Whether Kadyrov is behind the murder or not is difficult to say with any certainty. However, Orlov doesn’t appear to be accusing Kadyrov of murdering Estemirova directly. He’s blaming Kadyrov for the situation that made her killing possible. Nevertheless, many emphasize that the one thing working against Kadyrov is that Estemirova is the fourth of his opponents killed since 2006: Anna Politkovskaya, Movladi Baisarov, and Ruslan Yamadaev. Not to mention a slew of other Chechen exiles, former militants, and would be challengers. Too much of a coincidence? No says Lev Ponamaryov who made this emphatic statement to the Financial Times in regard to the Kadyrov question:
“When they kill three people in a row in a short space of time who worked on the same subject, then all questions disappear,” he said. “Politkovskaya, Markelov and now Estemirova, they were all investigating abuses by law enforcement and the killings of peaceful citizens in Chechnya – and all these people have been killed . . . It is absolutely clear.”
Kadyrov has responded to these allegations. His press service released this statement to RIA Novosti:
“I am certain that you should think about my rights before you announce to the world that I am guilty of Estemirova’s death,” the former boxer said.
The Chechnya Segodnya news agency reported that Orlov had replied that he had not accused Kadyrov personally of her death, but had meant that, as president, he was responsible for crime in the republic, which saw two brutal separatist wars in the 1990s and early 2000s.
“These criminals are being sought by the whole Chechen Republic,” Kadyrov went on. “A defenseless, innocent woman has been killed. We will do everything to shed light on this.”
Kadyrov told journalists on Wednesday evening that “a search for the criminals will be carried out not only during an official investigation, but also unofficially, according to Chechen traditions.” He did not give further details.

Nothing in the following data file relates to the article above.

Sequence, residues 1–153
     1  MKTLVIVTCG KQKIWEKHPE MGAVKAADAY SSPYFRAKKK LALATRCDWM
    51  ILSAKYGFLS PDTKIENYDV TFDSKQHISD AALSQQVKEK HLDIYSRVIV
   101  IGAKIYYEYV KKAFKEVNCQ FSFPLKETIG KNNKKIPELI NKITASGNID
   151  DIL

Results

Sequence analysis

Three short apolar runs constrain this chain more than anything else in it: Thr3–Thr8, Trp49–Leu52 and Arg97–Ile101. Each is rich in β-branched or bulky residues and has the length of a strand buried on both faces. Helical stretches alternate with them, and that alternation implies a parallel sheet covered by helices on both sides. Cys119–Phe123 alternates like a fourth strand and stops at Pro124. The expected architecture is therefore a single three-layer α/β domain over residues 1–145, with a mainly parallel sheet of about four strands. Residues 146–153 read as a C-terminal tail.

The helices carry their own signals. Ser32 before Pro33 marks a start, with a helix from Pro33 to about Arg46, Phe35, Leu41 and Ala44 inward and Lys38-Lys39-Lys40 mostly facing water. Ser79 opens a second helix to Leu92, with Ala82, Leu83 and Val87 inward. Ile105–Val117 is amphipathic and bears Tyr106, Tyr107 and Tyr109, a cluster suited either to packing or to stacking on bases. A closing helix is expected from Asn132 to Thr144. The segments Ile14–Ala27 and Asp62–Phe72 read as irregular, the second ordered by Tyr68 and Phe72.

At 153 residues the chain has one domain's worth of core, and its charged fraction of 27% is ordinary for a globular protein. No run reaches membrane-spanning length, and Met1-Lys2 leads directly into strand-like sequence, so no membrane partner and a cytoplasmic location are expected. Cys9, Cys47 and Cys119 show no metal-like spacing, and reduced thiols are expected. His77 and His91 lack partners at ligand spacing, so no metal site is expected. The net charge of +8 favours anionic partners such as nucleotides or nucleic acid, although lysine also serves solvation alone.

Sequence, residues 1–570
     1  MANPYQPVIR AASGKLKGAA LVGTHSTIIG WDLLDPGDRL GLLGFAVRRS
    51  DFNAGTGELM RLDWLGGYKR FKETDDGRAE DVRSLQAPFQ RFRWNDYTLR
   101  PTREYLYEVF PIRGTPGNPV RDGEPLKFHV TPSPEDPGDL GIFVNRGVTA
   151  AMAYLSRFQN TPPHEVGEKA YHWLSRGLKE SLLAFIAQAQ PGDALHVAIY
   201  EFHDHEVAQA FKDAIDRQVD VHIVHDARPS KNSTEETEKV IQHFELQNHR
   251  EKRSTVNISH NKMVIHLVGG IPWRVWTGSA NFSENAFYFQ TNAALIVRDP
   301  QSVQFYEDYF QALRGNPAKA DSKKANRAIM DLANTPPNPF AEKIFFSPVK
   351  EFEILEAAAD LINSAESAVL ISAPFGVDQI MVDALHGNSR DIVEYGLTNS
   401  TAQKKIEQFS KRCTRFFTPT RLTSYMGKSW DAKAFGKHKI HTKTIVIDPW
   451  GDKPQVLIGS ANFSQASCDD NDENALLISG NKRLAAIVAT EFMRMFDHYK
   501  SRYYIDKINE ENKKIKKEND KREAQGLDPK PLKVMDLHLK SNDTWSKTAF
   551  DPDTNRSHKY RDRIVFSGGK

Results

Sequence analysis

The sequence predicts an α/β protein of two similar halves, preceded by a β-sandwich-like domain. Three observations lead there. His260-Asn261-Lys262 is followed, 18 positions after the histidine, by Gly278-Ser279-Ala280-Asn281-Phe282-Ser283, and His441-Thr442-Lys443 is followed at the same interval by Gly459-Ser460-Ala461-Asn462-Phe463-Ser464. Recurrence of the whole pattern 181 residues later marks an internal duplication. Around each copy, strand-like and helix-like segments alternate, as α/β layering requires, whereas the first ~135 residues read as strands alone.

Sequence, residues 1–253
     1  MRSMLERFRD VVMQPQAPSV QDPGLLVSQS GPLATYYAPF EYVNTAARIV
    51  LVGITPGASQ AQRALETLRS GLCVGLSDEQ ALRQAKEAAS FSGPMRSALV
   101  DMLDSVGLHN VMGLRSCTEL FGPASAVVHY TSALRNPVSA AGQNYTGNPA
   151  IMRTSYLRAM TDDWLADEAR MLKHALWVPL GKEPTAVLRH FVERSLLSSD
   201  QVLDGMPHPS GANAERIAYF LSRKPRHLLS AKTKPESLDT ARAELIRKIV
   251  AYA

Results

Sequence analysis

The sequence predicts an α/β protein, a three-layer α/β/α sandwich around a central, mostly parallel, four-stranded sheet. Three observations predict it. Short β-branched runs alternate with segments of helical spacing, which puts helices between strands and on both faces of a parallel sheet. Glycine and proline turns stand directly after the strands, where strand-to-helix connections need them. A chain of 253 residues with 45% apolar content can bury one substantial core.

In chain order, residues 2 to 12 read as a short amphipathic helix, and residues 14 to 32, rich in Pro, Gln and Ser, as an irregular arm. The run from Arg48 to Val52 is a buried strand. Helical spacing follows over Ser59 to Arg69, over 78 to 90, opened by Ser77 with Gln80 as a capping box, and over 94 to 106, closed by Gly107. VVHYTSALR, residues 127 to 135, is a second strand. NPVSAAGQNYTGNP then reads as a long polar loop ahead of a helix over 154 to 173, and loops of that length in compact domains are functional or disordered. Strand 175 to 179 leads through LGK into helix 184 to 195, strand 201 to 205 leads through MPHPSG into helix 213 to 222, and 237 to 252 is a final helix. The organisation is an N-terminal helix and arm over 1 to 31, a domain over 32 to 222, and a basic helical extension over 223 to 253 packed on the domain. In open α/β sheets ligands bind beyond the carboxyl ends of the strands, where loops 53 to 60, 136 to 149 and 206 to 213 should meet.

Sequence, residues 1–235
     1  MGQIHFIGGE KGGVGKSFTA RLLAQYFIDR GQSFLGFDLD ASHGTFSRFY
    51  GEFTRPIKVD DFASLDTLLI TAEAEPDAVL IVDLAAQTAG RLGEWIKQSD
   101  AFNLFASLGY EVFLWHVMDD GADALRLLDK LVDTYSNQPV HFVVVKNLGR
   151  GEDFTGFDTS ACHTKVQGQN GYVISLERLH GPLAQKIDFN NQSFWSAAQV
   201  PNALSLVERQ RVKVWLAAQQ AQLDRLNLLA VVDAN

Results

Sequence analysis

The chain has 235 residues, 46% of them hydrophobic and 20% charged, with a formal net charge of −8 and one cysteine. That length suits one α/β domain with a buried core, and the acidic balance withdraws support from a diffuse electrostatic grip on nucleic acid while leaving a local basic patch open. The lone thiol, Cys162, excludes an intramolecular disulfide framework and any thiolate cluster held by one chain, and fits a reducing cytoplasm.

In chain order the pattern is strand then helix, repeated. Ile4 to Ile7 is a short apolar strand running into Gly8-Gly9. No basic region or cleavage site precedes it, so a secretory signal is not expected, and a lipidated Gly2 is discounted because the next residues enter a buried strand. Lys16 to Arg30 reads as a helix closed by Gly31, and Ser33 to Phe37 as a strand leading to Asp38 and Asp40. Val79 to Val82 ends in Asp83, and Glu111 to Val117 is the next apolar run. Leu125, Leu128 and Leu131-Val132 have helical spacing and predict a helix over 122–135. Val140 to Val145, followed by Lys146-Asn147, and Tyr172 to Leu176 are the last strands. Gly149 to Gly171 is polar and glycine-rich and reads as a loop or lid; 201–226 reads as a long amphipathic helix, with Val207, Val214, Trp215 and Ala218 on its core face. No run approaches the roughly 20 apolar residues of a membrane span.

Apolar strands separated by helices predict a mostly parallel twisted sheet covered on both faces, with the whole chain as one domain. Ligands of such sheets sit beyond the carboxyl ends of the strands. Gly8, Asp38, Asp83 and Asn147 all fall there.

Kadyrov’s lawyers are now preparing a lawsuit against Memorial in response to Orlov’s accusations.
Even if Kadyrov isn’t the culprit behind of all of these abductions, tortures, and killings, it doesn’t bode well for Chechnya or neighboring Dagestan and Ingushetia. Nor Russia for that matter. President Medvedev may express outrage over Estemirova’s murder and call accusations against Kadyrov “unacceptable,” but the truth of the matter is that its been only three months since he announced the end of operations in Chechnya, yet low level violence in the region continues unabated. What is clear to analysts is that Moscow’s control over the North Caucasus is at a minimum. And the more Moscow pushes, the more tense the situation becomes on the ground. As Valery Dzutsev explains in regard to Ingushetia,
Moscow’s policy in the region has led increasingly to direct rule from Moscow over Ingushetia, which so far has yielded largely negative results. Local presidential elections were abolished; the Russian security services acted without much consultation with the local authorities; important political issues on the ground, like the issue of contentious Prigorodny region, were ignored. These moves have led to a situation in which the local elites have virtually ceased to have any stake in a stable situation in Ingushetia. Appointing the current political regime in Ingushetia already constitutes de facto direct rule from Moscow, but rule from the federal center will further alienate the local elites and decrease their willingness to maintain order and stability in the republic.
None of this exactly explains who was behind Estemirova’s murder. It does give an impression of the context in which it occurred.